Ehrlich gives the seasonal hoopla a pass

The Political Game

Basketball: The sports-loving governor decides not to repeat his `March Madness' parties of last year, preferring to get down to business -- for the most part.

April 06, 2004|By David Nitkin and Howard Libit | David Nitkin and Howard Libit,SUN STAFF

UNLIKE A year ago, the governor's mansion is no longer the site of NCAA basketball Final Four parties, according to Gov. Robert L. Ehrlich Jr.

Last spring, Ehrlich -- a huge sports fan who played football and baseball at the Gilman School, was a Princeton gridiron standout and never saw a golf course that didn't make his heart race -- made a point of inviting a few lawmakers to Government House to share in March Madness.

Some lawmakers expressed surprise at the time that Ehrlich passed up on the opportunity to lobby them on his bills, instead focusing on the games.

But Ehrlich, a former member of the House of Delegates, said last week that he's not in the mood for socializing. Not only is there a new baby in the mansion, but the governor said he doesn't feel like acting chummy with his old legislative pals.

"Last year, it was `Bobby is coming back,'" Ehrlich said last week. "This year, it's `Cut the crap, we need to get stuff done.'"

Still, the governor took some time Sunday to visit Oriole Park at Camden Yards for Opening Day. He even slipped into the team's radio broadcast booth, and was asked to do a little play-by-play during the second inning.

Put on the spot by announcers Fred Manfra and Joe Angel, Ehrlich made team announcers sound stellar by comparison. The governor's excuse for his halting performance: He didn't have his glasses on.

Election financing bill becomes a laughing matter

The effort to create a system of public financing for Maryland elections is being subjected to a few twists and turns at the hands of a House committee.

What was originally a bill to create a comprehensive statewide system has now been amended by the House Ways and Means election law subcommittee for just one Montgomery County district. That district happens to be the home of the delegate who is lead sponsor of the legislation: Democratic Del. John Adams Hurson, chairman of the House Health and Government Operations Committee.

"This would be a pilot study for District 18," Del. Obie Patterson, chairman of the subcommittee, told the full committee yesterday morning.

Patterson, a Democrat, was then unable to contain his giggles amid laughter from many of the other delegates, and he turned over the rest of the explanation of the subcommittee's amendments to a staff member.

Based on a two-year study, the bill originally sought to allow candidates for the state Senate or House of Delegates to qualify for public financing if they raised donations from at least 282 people in their district of at least $5 each. House candidates could then receive up to $80,000 in state funds, and Senate candidates could qualify for up to $100,000.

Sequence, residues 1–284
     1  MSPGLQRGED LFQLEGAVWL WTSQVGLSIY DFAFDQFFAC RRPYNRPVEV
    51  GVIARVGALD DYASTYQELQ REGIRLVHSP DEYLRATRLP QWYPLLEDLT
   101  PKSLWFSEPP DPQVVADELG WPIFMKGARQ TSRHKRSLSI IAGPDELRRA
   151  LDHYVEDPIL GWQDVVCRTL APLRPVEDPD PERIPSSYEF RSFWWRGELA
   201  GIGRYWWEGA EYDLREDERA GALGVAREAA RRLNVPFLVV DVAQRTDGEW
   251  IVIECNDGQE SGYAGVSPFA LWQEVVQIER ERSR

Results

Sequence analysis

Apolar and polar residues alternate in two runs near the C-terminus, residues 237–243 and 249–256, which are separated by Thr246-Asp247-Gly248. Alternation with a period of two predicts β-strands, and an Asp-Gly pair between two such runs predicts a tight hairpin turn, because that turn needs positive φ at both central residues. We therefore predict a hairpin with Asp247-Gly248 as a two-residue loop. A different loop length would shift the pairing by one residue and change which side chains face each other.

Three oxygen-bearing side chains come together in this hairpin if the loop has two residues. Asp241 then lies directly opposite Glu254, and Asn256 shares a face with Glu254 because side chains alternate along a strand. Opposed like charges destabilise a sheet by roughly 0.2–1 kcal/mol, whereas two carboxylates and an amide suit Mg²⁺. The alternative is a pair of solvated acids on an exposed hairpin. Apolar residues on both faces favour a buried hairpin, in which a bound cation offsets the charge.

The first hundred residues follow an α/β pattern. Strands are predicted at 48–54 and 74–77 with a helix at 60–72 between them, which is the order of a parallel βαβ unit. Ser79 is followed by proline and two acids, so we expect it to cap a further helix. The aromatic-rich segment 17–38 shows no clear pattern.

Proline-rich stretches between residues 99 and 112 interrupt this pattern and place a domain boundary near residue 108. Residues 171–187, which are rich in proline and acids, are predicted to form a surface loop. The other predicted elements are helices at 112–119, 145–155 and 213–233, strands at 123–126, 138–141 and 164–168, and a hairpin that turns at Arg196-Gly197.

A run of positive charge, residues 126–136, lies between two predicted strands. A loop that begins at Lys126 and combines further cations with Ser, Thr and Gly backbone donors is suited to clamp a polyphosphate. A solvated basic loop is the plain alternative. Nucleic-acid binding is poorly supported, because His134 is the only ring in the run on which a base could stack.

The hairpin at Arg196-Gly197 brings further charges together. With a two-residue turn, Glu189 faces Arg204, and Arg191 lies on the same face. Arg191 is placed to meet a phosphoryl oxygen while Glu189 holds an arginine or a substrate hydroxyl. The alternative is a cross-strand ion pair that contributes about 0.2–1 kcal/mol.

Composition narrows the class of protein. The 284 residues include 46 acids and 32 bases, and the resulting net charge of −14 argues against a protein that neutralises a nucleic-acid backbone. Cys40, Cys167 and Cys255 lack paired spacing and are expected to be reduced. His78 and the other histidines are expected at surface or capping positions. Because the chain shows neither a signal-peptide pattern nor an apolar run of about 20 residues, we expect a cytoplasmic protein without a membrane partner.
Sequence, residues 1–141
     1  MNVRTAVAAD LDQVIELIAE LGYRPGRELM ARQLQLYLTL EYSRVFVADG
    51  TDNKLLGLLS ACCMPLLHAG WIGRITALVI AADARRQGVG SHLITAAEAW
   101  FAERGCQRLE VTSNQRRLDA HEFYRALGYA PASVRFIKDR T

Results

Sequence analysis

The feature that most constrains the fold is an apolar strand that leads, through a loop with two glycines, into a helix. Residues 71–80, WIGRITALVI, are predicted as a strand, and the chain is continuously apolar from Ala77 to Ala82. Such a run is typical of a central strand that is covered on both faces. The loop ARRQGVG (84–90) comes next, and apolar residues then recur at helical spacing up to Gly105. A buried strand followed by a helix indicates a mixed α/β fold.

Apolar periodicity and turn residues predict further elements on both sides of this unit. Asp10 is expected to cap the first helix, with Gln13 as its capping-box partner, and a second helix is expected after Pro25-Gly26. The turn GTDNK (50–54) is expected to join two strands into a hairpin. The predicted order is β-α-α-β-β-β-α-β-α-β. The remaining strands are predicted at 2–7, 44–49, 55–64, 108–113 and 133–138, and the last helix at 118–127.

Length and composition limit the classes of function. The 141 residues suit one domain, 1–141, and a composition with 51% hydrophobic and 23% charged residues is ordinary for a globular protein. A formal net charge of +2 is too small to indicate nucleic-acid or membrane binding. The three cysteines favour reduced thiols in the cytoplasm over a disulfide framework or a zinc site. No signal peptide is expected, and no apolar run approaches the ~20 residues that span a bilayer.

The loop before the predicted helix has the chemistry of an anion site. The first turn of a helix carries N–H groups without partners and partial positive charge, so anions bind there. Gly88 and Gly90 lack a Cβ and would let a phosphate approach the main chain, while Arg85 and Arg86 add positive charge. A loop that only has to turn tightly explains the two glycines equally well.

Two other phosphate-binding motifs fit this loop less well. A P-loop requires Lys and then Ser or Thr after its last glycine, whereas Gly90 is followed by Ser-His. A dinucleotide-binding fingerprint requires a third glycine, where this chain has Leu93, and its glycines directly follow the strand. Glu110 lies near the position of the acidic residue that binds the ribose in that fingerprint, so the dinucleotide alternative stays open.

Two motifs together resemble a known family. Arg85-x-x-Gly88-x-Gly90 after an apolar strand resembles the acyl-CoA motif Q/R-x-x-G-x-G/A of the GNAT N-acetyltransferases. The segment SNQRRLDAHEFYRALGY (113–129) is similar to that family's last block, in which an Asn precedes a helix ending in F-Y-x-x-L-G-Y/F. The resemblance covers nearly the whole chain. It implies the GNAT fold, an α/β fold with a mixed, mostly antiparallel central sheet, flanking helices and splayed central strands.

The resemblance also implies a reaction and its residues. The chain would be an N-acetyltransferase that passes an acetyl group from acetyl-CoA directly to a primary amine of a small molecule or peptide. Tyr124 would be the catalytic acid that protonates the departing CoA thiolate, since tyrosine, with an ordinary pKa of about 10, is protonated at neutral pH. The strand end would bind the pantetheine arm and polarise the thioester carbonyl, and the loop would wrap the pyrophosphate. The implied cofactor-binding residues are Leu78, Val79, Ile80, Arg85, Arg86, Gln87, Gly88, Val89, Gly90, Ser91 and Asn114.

Supporters argue that such a system would help candidates avoid having to seek large amounts from wealthy contributors -- creating the perception that candidates are beholden to those who donate to them.

The original plan could have cost up to $27 million per four-year election cycle, and the bill proposed paying for it through a voluntary income-tax check-off and surcharges on driver's license renewals for drivers with at least six points on their records.

In addition to limiting the bill just to Hurson's district, Patterson's subcommittee stripped out the funding mechanisms and would instead tap into an existing $3 million statewide campaign financing fund.

Even that funding mechanism prompted committee concerns yesterday.

"I am concerned with taking the $3 million designated for the state and giving it to the one district in the pilot," said Del. Carolyn J.B. Howard, a Prince George's County Democrat.

"Can we study this issue over the summer?" asked Del. Clarence Davis, a Baltimore Democrat.

"This is the result of a task force that spent two years studying it," replied Del. Sheila E. Hixson, the committee's chairwoman and a Montgomery Democrat.

"Can they meet another year?" asked Davis, prompting another round of laughter.

Delegates then agreed to ask for an opinion from the Attorney General's Office on whether doing public financing for just one district would create constitutional equal-protection concerns for the rest of the state.

Hurson said he had no objection to creating a pilot study just for his district. He said he checked with the two other delegates and senator from his district, and they supported it, too.

"The committee asked me, and I said, `Why not? Let's try it out,'" Hurson said. "There's a lot of support for this in our district."

But amid their laughter, delegates left little doubt the bill would not be leaving their committee, at least this year.

GOP seeks out voters fit to switch

The state Republican Party wasted no time in trying to capitalize on the damage it believes was done when House Democrats approved a revenue package last month that would increase taxes by a net $670 million a year, despite a veto threat from the governor.

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